WASHINGTON, Aug. 17 (UPI) -- The U.S. Supreme Court, by a vote of 7-2, ordered a federal judge in Georgia Monday to consider a death row prisoner's claim of innocence.
Troy Anthony Davis was convicted of the 1989 shooting death of an off-duty Savannah, Ga., police officer responding to the beating of a homeless man in a parking lot. Since his 1991 trial, seven of nine prosecution witnesses have recanted their testimony and other witnesses have implicated someone else in the killing, The Atlanta Journal-Constitution said.
The order was unusual in that the court usually does not make a major decision during its summer recess, scotusblog.com reported. It is also unusual in that the court usually does not issue an opinion justifying its decision -- Justice John Paul Stevens wrote the opinion and was joined by the majority with the exception of Justice Sonia Sotomayor, who is new on the court.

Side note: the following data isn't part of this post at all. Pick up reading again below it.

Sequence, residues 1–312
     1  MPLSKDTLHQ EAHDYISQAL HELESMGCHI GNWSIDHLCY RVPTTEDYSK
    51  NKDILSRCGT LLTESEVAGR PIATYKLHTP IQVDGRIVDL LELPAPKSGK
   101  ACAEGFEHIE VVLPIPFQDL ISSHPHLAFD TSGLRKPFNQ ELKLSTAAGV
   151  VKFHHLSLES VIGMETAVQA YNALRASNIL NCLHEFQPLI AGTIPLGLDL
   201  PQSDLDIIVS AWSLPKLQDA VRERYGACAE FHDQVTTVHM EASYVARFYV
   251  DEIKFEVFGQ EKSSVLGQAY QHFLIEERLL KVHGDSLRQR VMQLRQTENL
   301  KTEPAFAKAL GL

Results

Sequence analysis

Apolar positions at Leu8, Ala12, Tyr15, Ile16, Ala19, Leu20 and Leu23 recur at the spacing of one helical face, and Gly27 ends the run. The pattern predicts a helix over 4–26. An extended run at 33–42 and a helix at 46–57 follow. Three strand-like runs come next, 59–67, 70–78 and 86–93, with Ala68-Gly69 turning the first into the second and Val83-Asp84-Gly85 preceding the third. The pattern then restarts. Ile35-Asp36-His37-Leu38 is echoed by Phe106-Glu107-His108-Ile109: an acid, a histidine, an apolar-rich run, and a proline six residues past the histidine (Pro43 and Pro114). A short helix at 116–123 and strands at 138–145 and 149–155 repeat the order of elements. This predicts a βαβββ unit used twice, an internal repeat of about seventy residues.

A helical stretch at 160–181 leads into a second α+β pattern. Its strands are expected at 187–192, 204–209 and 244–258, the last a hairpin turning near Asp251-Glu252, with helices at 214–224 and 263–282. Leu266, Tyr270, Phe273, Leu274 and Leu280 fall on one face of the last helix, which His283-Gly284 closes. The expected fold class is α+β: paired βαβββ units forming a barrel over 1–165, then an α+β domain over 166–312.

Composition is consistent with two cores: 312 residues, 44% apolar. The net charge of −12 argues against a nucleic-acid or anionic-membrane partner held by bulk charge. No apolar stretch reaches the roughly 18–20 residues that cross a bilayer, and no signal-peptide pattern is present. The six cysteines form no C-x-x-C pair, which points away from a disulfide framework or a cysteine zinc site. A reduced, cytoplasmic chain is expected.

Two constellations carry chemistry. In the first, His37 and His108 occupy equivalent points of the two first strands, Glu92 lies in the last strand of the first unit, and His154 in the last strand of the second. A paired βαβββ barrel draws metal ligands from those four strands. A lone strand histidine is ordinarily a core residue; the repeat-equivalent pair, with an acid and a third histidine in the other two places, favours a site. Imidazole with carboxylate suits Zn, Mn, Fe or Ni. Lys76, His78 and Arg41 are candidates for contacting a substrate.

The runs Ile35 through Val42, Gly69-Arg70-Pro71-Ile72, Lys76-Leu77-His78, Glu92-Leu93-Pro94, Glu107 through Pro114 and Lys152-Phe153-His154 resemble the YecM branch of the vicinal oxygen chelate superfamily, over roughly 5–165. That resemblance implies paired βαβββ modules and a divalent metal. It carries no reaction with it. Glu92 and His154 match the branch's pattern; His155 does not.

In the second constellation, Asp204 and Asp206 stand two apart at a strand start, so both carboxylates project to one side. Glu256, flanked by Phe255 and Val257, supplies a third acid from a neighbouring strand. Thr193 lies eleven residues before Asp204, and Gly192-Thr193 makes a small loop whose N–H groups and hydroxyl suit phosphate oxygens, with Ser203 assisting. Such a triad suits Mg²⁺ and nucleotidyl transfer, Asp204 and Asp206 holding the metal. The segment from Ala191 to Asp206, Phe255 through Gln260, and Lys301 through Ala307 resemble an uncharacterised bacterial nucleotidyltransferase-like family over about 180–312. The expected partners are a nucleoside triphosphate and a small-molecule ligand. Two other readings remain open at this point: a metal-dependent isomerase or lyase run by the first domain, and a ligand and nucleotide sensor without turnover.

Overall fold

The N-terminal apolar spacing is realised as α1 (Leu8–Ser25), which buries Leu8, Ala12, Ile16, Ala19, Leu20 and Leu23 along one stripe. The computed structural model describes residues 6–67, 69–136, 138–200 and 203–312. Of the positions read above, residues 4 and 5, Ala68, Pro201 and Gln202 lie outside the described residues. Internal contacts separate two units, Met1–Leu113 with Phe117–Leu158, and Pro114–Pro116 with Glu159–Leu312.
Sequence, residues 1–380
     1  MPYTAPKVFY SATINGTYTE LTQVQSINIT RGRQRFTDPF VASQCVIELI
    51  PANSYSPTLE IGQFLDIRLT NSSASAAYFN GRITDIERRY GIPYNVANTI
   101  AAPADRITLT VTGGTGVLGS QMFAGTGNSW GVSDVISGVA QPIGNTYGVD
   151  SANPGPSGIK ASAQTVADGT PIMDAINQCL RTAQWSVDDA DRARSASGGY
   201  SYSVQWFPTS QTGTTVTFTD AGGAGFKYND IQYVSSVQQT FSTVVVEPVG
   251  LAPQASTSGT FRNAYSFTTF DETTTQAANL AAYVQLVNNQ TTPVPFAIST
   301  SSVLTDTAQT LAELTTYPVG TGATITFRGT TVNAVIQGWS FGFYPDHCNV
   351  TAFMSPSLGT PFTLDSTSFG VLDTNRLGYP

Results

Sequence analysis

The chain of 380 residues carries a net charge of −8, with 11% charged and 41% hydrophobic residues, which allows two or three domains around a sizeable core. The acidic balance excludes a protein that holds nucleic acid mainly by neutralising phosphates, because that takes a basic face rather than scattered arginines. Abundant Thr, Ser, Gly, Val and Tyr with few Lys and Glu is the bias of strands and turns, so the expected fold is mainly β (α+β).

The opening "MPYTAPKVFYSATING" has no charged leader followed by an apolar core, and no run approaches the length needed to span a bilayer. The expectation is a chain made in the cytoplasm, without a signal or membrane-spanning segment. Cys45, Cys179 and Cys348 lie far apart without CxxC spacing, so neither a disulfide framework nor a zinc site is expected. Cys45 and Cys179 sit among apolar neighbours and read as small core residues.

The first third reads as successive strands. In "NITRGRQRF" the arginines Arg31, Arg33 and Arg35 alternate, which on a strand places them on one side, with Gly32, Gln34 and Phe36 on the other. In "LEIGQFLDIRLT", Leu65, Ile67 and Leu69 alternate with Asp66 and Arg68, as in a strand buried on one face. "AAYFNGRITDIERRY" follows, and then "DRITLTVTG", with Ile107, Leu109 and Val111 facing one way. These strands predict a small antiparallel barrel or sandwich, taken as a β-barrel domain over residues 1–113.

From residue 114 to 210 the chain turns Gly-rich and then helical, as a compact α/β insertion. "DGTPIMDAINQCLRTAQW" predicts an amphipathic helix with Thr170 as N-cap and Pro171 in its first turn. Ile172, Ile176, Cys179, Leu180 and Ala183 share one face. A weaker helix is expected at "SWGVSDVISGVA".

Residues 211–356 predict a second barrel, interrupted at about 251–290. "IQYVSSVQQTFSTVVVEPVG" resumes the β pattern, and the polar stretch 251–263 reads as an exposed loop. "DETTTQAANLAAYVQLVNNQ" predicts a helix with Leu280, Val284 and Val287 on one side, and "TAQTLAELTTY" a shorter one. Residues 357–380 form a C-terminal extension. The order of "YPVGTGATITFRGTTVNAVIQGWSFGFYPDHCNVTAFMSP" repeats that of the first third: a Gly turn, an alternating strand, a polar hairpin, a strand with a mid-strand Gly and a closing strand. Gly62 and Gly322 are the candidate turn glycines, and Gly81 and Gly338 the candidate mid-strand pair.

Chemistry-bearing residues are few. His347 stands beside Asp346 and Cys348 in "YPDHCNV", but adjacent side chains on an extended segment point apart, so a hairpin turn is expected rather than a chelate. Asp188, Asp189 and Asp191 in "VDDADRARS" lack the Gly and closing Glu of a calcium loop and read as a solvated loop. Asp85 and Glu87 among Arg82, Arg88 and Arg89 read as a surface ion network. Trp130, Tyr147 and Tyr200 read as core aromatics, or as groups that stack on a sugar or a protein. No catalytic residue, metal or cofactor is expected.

Justice Antonin Scalia wrote a dissent and was joined by Justice Clarence Thomas.
Attorneys for Davis filed an original writ of habeas corpus -- a request that the justices review the constitutionality of his detention -- directly with the Supreme Court. Such requests make an end run around federal law limiting the scope of death penalty appeals.
"Today, without explanation and without any meaningful guidance, this (Supreme) Court sends the U.S. District Court ... on a fool's errand," Scalia wrote in dissent. "That court is directed to consider evidence of actual innocence which has been reviewed and rejected at least three times. ... I truly do not see how the District Court can discern what is expected of it."
A number of officials have taken up the prisoner's cause, including Pope Benedict XVI.